When he’s not working from his studio in Greenpoint, teaching at the School of Visual Arts, or filling in as art director for the New York Times Op-Ed page, Josh Cochran holds his annual Get Nude. Get Drawn exhibitions with fellow artist and friend Mike Perry. This year will be their fifth. The project consists of getting together some of Brooklyn’s most talented illustrators and dedicated day sessions of drawing nude models in their respective styles. The exhibition will show drawings made by the two originators themselves, along with artists Chrissy Angliker, Jon Burgerman, Mario Hugo, Julia Rothman, Edward Ubiera, and Joo Hee Yoon. Anticipating tonight’s show I asked Josh to share a few words about the playful collaboration and what it’s like to delve into the world of nude art.
Thursday, January 28th
90 Orchard St
7 – 11 pm
GP: Can you introduce yourself?
I’m an illustrator for magazines, newspapers and advertising. Sometimes I make murals as well.
GP: I hear you have a studio here at the Pencil Factory. What is your history with the space and what is a typical day in the studio like for you?
I’ve been here off and on for about seven years. It’s this big building with a bunch of other creative people working in various studios. Sort of feels like school, in a good way! Sometimes if I’m working on a project, it’s really nice to lean over and get an opinion of one of my studio mates. I come in around 10am and leave around dinnertime. I try to get my commissioned work out of the way so I have some time to work on personal projects. I try to work during daylight hours but of course if I have a deadline, this gets shifted around a little.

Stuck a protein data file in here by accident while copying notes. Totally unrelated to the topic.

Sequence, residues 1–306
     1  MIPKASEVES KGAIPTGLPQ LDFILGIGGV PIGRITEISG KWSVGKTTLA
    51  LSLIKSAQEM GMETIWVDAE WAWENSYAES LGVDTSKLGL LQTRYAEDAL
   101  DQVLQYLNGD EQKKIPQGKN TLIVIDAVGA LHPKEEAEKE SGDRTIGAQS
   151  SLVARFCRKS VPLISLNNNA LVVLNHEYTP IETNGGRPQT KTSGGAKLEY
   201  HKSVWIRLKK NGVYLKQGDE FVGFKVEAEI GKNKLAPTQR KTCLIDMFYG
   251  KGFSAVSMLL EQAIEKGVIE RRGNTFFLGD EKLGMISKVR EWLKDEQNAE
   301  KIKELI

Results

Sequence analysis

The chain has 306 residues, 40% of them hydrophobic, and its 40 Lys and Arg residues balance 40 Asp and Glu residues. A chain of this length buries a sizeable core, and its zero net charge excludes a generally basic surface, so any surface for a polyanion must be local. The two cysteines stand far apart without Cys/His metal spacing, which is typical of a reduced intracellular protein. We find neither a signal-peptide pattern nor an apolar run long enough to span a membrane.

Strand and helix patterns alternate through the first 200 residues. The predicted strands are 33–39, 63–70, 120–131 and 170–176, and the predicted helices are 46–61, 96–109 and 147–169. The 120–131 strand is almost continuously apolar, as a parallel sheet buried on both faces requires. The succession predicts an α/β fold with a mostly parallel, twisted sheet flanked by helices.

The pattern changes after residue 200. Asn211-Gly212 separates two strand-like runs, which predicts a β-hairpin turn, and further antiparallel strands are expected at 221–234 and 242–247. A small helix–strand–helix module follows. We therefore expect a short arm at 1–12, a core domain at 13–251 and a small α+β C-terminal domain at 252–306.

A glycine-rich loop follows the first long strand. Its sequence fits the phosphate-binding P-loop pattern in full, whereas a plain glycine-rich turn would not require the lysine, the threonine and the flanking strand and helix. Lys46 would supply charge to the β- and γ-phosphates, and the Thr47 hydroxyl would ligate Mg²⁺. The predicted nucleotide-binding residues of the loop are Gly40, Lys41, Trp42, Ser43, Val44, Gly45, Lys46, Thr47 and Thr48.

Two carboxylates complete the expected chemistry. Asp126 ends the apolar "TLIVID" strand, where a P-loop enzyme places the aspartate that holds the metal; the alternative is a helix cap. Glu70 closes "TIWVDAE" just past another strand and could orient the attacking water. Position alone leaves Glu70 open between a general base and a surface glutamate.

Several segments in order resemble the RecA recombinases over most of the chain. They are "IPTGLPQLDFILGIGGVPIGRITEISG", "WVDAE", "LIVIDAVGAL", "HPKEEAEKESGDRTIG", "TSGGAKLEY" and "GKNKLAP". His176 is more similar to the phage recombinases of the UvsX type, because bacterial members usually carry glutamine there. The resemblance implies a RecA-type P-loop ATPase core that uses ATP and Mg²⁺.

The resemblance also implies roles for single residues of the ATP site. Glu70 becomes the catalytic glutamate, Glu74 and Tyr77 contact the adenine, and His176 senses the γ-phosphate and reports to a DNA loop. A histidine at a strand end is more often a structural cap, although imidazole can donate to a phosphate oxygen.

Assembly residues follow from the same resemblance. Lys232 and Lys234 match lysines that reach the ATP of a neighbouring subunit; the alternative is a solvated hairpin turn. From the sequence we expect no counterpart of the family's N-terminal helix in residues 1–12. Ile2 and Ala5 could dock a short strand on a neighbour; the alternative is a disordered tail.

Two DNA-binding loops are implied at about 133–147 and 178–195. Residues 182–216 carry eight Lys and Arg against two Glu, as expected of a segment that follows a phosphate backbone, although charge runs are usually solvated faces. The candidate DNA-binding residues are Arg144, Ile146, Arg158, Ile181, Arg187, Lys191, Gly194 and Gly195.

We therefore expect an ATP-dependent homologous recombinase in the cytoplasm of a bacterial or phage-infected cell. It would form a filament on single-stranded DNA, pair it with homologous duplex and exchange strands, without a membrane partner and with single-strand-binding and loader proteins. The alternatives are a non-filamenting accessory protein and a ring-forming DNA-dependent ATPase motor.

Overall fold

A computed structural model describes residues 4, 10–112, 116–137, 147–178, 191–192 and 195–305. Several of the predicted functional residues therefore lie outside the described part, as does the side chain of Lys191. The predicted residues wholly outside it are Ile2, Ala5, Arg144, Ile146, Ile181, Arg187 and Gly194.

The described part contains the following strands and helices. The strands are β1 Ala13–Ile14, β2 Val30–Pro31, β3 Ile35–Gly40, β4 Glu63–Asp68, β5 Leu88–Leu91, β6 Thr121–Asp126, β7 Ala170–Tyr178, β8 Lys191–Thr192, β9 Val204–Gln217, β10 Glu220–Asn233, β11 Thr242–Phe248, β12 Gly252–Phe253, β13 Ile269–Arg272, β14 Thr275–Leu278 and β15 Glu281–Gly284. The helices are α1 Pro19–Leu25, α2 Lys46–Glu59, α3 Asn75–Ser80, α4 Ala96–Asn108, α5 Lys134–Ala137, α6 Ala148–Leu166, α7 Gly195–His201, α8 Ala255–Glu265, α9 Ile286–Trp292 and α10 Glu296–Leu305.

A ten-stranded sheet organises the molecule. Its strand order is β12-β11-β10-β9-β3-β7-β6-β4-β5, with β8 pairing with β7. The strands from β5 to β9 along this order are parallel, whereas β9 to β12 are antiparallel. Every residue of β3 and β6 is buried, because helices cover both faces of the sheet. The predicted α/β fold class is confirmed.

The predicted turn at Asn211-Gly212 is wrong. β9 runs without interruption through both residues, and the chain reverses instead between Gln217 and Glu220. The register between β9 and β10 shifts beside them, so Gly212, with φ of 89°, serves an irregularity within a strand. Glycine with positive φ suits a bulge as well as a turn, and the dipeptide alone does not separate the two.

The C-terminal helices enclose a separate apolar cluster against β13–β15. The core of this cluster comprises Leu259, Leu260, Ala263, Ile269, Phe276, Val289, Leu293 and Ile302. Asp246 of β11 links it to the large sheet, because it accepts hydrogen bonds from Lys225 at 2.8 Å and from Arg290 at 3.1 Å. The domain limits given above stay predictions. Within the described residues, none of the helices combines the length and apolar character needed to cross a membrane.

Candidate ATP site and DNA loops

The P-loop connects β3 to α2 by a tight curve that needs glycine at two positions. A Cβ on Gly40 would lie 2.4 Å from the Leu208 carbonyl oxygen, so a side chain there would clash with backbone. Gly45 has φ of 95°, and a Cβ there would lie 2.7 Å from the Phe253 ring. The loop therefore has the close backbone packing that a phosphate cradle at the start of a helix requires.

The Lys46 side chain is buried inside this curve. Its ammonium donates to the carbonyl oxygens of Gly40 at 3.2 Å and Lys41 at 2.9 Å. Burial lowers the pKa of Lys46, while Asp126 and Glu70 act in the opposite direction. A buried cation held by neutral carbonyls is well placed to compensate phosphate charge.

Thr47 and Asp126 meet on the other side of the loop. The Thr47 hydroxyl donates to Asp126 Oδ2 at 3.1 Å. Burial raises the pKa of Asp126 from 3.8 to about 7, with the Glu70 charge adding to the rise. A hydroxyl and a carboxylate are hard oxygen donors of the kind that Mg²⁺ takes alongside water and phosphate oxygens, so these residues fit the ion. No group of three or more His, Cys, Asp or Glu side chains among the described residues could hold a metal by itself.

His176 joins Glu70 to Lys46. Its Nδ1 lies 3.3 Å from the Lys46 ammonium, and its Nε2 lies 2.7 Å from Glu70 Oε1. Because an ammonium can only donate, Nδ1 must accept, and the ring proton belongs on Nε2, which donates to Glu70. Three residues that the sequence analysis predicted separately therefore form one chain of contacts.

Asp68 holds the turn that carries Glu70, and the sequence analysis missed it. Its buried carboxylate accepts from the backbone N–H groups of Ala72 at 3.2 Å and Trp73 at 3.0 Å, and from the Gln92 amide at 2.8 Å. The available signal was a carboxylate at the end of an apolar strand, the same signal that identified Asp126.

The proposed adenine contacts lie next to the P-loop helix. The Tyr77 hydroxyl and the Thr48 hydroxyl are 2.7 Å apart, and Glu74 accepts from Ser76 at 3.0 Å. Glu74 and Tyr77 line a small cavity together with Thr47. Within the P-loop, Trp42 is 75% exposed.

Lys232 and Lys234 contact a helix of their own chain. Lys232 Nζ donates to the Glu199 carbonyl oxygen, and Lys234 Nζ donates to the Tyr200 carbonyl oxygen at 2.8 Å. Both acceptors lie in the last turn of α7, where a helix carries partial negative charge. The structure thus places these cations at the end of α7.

GP: How did the idea for this exhibition come along? How did you and Mike meet?
Mike and I met at the ADC Young Guns awards party. We were both getting an award, and just started talking. The idea for the project came about when we were both talking about how we wished we could draw nudes again but maybe approach it from a different perspective. In art school, drawing the nude was really academic and I wanted to find a fresh, spontaneous way to work. Drawing from normal, non-professional people really changes how you approach drawing. There is a certain amount of awkwardness and honesty that I hope to capture.
GP: Have you worked with any of tonight’s artists before?
I’ve worked with a couple of them before. Edward Ubiera and I did a mural project together last summer. Also I’ve done a few projects with Julia Rothman. This Brooklyn art world is pretty small actually.
GP: What other kinds of shows do you plan on putting
together in the future?
No immediate plans just yet. Though this is the 5th year of doing nudes and definitely planning on keeping this project going until we’re both very old. It’s been really interesting seeing how the project and work has evolved through the years.
GP: With these drawing sessions, what is the procedure like in order to get people the most comfortable?
We try to keep it as professional as possible. There is a changing area and we usually set up a bunch of props and lights that the models can interact with. Usually we try to chat a little bit with each model to see what kind of poses they want to do or what will make them feel more comfortable. I think one person this year drank half a can of beer, which seemed like it helped!
GP: What are you looking forward to the most with this exhibition?
I’m really looking forward to meeting some of the models. It’s been fascinating hearing the stories from people that have modeled for us. We’ve gotten people who’ve wanted to pose in order to get over a phobia of being naked in public, women who are about to have a baby, my studio mate who wants to embarrass me, etc. It’s always been sort of a crazy experience.
You can find more on Josh here.